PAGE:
If career advancement and growth opportunities are top priority for prospective employees, hiring managers, in conjunction with recruiters, must highlight the job’s future potential. HIM Connections recently conducted an HIM Happiness Survey to explore “what matters” questions with HIM professionals. The results suggest that money is not always the No. 1 priority. More often, people are motivated by the assurance of solid career progression. A recent LinkedIn report about job-seeker trends supports these findings. “Above all, people want career growth. To attract the best candidates, offer them career opportunities, not jobs.” 

    The Right Tools and Techniques to Target the Right People

    As healthcare organizations realize the importance of cultural fit, they’re focusing more on soft skills as part of the hiring process. Some are using behavioral-based assessments, such as questionnaires to get a feel for how a person responds in certain situations—management style, ability to work with a team, and more. At the same time, we’re seeing a push for more webinars, continuing education, and networking with other professionals.

    The right combination of technology and soft-skills assessment supports efforts to properly match candidates with emerging opportunities. Technology is increasingly important—using both social media and an applicant tracking system (ATS). Hospital recruiters must have the ability to use tools effectively to target and engage the most qualified candidates.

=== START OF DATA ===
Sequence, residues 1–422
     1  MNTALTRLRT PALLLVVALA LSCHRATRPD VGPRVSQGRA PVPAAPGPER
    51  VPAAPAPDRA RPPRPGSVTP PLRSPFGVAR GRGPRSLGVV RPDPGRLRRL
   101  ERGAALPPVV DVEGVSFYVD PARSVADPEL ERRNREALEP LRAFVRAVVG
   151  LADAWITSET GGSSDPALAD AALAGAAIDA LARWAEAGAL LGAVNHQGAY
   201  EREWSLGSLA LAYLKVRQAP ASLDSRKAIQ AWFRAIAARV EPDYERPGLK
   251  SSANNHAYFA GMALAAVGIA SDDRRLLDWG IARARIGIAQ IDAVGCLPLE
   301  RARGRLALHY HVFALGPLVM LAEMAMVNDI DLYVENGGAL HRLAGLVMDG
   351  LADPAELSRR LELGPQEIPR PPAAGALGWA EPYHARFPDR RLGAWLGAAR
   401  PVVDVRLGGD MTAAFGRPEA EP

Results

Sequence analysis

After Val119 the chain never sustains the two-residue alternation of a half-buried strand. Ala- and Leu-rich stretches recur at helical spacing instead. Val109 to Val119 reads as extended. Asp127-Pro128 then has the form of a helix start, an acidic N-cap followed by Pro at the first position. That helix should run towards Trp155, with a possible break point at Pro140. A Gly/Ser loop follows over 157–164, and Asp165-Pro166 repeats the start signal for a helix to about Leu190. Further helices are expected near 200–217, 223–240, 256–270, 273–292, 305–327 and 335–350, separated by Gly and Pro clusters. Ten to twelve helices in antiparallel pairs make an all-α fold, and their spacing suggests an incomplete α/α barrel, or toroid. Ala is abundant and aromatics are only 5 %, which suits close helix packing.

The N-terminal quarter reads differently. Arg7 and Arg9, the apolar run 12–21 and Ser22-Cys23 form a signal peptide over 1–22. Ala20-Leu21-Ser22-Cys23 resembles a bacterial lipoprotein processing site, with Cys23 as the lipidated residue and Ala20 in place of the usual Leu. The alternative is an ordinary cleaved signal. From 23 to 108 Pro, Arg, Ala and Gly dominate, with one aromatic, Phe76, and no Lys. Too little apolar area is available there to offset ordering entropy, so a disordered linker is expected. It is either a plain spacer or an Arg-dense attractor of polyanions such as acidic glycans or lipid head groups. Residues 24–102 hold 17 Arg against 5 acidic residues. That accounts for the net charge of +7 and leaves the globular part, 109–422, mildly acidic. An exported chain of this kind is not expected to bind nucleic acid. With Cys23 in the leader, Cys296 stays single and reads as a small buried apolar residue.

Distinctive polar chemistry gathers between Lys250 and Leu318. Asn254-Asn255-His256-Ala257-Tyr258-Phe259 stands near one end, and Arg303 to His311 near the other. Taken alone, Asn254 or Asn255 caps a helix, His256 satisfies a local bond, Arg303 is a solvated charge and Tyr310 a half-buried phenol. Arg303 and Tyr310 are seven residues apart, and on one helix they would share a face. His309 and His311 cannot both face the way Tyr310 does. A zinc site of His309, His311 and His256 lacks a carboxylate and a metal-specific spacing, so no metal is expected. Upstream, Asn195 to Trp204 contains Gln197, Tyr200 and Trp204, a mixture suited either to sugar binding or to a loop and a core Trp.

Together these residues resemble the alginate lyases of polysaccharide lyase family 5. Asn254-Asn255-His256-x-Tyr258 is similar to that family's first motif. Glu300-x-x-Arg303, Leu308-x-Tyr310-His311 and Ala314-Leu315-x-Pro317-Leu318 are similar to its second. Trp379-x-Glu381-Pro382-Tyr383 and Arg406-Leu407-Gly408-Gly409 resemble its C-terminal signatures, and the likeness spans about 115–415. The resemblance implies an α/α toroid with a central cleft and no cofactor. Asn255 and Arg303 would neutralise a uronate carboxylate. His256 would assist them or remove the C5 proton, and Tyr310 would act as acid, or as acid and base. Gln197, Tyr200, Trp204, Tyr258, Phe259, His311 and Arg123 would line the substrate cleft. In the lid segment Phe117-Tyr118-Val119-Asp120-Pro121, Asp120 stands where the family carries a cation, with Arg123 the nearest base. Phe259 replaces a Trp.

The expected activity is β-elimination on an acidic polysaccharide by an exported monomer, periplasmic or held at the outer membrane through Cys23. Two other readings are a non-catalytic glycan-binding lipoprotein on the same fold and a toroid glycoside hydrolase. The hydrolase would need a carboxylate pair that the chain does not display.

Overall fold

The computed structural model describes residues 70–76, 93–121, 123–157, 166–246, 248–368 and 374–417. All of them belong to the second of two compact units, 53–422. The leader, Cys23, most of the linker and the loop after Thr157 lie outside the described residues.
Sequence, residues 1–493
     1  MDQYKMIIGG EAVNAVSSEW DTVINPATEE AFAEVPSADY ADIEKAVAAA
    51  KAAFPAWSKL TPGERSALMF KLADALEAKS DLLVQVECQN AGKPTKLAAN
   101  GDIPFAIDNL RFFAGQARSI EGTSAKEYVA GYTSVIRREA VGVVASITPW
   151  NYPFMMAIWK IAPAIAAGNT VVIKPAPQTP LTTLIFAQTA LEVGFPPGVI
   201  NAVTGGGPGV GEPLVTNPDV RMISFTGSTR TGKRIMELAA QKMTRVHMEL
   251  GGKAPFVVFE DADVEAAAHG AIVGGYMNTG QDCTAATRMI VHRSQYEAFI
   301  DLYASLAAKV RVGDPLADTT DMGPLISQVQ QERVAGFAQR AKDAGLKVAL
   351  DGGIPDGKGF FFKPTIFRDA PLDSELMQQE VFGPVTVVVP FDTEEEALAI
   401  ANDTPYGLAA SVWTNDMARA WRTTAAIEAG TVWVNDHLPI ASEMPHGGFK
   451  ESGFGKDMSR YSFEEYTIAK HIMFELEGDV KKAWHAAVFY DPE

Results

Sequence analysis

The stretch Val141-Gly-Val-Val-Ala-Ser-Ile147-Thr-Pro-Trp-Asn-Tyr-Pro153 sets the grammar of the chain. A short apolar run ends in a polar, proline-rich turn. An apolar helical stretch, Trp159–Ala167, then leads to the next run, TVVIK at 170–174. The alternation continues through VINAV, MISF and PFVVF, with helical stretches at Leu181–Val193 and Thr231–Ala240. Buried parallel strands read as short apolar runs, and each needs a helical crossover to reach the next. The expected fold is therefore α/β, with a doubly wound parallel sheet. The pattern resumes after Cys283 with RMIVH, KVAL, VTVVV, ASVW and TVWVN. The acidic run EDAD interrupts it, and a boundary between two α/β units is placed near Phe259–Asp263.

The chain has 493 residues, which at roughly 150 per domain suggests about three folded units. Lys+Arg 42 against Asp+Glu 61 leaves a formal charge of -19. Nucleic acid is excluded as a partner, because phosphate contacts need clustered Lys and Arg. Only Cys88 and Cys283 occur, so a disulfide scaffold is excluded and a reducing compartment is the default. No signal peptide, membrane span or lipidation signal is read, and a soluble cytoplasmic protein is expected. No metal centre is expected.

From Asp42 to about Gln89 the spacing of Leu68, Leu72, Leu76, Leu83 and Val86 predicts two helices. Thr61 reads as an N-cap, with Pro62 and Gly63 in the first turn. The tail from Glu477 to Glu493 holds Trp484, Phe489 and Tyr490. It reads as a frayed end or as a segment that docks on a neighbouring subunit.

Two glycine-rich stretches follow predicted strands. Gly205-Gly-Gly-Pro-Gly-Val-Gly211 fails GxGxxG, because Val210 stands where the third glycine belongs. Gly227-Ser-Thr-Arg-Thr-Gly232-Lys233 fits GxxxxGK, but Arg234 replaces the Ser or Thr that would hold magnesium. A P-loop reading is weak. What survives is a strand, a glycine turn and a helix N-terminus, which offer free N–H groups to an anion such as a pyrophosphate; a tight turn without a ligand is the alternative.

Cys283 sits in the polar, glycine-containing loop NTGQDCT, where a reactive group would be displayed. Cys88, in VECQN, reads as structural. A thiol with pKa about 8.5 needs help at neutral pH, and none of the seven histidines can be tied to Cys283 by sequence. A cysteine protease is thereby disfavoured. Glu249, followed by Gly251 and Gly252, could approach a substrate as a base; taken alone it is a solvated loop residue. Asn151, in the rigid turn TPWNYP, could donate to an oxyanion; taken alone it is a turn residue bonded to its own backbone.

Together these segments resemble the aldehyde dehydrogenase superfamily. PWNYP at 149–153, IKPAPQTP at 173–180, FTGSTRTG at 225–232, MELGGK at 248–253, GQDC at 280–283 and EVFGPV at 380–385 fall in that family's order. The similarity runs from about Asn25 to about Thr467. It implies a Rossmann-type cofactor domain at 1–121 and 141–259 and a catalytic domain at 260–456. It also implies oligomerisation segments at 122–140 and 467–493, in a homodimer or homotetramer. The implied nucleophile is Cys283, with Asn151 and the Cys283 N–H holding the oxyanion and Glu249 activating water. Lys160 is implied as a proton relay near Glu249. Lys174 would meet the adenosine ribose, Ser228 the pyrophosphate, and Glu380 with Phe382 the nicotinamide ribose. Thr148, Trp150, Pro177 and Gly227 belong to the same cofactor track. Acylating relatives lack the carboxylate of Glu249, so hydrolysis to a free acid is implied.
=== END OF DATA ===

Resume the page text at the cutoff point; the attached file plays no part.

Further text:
Hospitals receive a high volume of applications each day, and thousands per month. Most have sophisticated tracking systems to help target the right candidate for a position. But an ATS must be continually updated to be useful. Contact information, work history, and other critical fields change often. The value of the tool depends on the accuracy of information in the database and the proficiency of the people using it.